CMC- Trinidad and Tobago reported a record number of 615 positive cases of the coronavirus, as well as joining Jamaica in recording more deaths linked to the pandemic, with a 235 total to date.
The Ministry of Health in its latest bulletin said that the cases reflect a five day period and not for the last 24 hours.
“While the normal reporting timeframe covers samples taken within two to three days, the substantial increase in the positive cases and the resulting number of samples collected and processed at testing sites throughout the country, has affected the reporting timeline in this instance,” it said.
The Ministry said that the 99 cases reported on Monday “may have been as a result of the normal weekend closure of some of the testing sites and some of the health facilities where swabbing takes place”.
“This it should be underscored that the reported positive cases reflect a high percentage of infection within the population. The cases reflected a positivity rate in excess of 40 per cent, which is a cause for significant concern”.
According to the ministry, there are now 4, 588 active cases with 14, 417 positive cases since the first case was detected in March last year.
The authorities reported 11 more deaths pushing the total to 235. There are 439 people in state-sanctioned quarantine, while 3, 548 are in home isolation.
Epidemiologist Dr Avery Hinds told the Ministry of Health’s Covid-19 press conference Wednesday that the increased number of deaths is due to the increased number of cases.
So far this month, a total of 2,978 new cases have been registered for the month of May, with 66 deaths as compared to 27 last month.
“The increased number of deaths is really as a result of the increased number of cases and although we note that we’ve implemented several measures of increasing levels of stringency, we also want to remind the population that the more stringent of these are actually still only very recently implemented,” Hinds told reporters.
“The most stringent (lockdown) measures being less than a week old, those of moderate stringency being around just under or just around the two-week mark and we also have to bear in mind that each time one of these measures was implemented there was a little bit of a kickback, a rush to access whichever facility was being closed off at the time and those too would affect the figures. All of that has to work its way through the system before the numbers start to come down.
“Again this emphasizes the need for adherence to the public health measures, to recommendations we’ve been making to reduce mobility as much as possible, reduce contact as much as possible so that the measures that have been implemented have the braking effect that is desired. At this point, we still do expect that the numbers may get a little higher before they begin to decrease,” the epidemiologist said.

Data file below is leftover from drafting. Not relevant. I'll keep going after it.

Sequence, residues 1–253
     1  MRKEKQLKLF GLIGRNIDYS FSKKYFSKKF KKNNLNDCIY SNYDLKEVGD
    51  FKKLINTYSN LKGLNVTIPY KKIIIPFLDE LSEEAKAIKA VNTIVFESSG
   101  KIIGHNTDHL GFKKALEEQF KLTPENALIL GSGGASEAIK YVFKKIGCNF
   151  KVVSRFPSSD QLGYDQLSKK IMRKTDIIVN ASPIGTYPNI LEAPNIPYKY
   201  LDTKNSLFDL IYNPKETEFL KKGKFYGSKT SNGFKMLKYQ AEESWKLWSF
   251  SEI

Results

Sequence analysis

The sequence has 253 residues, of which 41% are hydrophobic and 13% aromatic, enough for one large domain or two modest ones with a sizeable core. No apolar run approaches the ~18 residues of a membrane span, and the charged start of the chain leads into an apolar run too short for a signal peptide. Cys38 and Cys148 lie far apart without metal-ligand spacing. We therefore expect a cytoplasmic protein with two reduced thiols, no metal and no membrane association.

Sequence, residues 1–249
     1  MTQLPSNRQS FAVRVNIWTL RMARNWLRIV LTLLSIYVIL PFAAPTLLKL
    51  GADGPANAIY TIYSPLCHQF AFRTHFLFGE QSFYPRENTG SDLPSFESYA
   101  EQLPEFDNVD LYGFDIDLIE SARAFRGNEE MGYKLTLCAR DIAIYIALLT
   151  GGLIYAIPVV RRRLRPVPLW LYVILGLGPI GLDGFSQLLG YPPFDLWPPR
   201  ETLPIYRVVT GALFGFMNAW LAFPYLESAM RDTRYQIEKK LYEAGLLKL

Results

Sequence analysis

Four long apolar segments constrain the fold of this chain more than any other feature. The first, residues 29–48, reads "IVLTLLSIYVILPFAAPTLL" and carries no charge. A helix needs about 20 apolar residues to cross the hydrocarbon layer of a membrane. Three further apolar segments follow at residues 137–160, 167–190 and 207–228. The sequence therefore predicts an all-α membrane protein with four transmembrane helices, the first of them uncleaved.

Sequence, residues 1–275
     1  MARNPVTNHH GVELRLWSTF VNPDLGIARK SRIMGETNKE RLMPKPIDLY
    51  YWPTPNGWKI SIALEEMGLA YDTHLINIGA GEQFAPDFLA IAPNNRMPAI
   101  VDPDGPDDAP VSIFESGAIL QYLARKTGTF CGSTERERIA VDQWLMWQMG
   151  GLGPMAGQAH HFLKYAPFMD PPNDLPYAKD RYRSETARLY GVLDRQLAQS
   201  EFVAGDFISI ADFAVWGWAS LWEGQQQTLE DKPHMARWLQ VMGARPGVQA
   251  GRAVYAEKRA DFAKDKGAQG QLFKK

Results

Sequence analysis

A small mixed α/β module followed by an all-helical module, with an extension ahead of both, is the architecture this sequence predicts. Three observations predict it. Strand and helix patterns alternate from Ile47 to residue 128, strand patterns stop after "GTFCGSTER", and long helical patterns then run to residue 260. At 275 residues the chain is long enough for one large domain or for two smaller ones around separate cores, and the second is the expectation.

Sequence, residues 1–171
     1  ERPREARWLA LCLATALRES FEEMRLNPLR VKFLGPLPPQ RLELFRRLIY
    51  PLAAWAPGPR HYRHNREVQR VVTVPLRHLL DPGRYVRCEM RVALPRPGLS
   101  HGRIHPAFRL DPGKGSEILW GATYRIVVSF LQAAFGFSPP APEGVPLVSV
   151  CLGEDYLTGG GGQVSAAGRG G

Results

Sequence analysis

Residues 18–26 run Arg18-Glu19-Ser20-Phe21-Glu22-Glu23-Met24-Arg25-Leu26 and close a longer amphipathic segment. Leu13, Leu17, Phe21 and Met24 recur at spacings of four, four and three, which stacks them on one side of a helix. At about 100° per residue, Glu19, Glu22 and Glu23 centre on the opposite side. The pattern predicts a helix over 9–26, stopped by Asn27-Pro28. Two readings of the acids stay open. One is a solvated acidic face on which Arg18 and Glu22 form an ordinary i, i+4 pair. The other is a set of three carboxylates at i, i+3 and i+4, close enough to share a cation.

Meanwhile, Prime Minister Dr Keith Rowley confirmed that the United States has donated two field hospitals to Trinidad and Tobago.
Speaking on the state-owned television station, Rowley said the field hospitals are a response to rising numbers throughout the population, even as he indicated that “.it is not out of control.
“What we are doing is to expand this capacity to respond in the event that we require more beds,” he said, adding that the hospitals would be established in Couva, in central Trinidad and Diego Martin, west of here.
“It is one of the responses if we are getting more people infected and there is a demand for more bed space. A field hospital is what you use to increase your bed space in the short term. It is not out of control, it is a response to what is happening as we experience a higher level of infection,” Rowley said, urging citizens to comply with measures in place to protect the population.
“The pandemic is not a joke,” he said, adding “take it seriously, the things that have to be done, we told that to you over and over and over. Each one of us if we do those things, will not only protect ourselves but we will protect other people because those who are being infected by others.
“It is not a respecter of race, creed, class political suasion geography All over the country is exposed and all people are exposed. Now more than ever we have to be careful because we are seeing more and more young people falling to it,” said Rowley.
In Jamaica, the country recorded 101 new COVID-19 cases and six deaths over the last 24 hours, bringing the total number of confirmed cases to 46,922, with 23,121 active, and the death toll to 820.
The deaths included a 102-year-old woman and a 98-year-old man.
The new cases range in age from six months to 88 years, including 51 females.
A total of 1,380 tests were conducted. At the same time, there were 119 recoveries, for a total of 22,636.
The authorities said 175 patients are hospitalised, with 14 being critically ill.
In Guyana, there were 128 new COVID19 cases recorded Wednesday with 14 in the COVID19 ICU.
The authorities said there are 1,763 persons in isolation after testing positive for COVID19, with
1,657 isolating at home.
The country has so far recorded 331 since the first case was registered in March last year.No death has been recorded for Wednesday.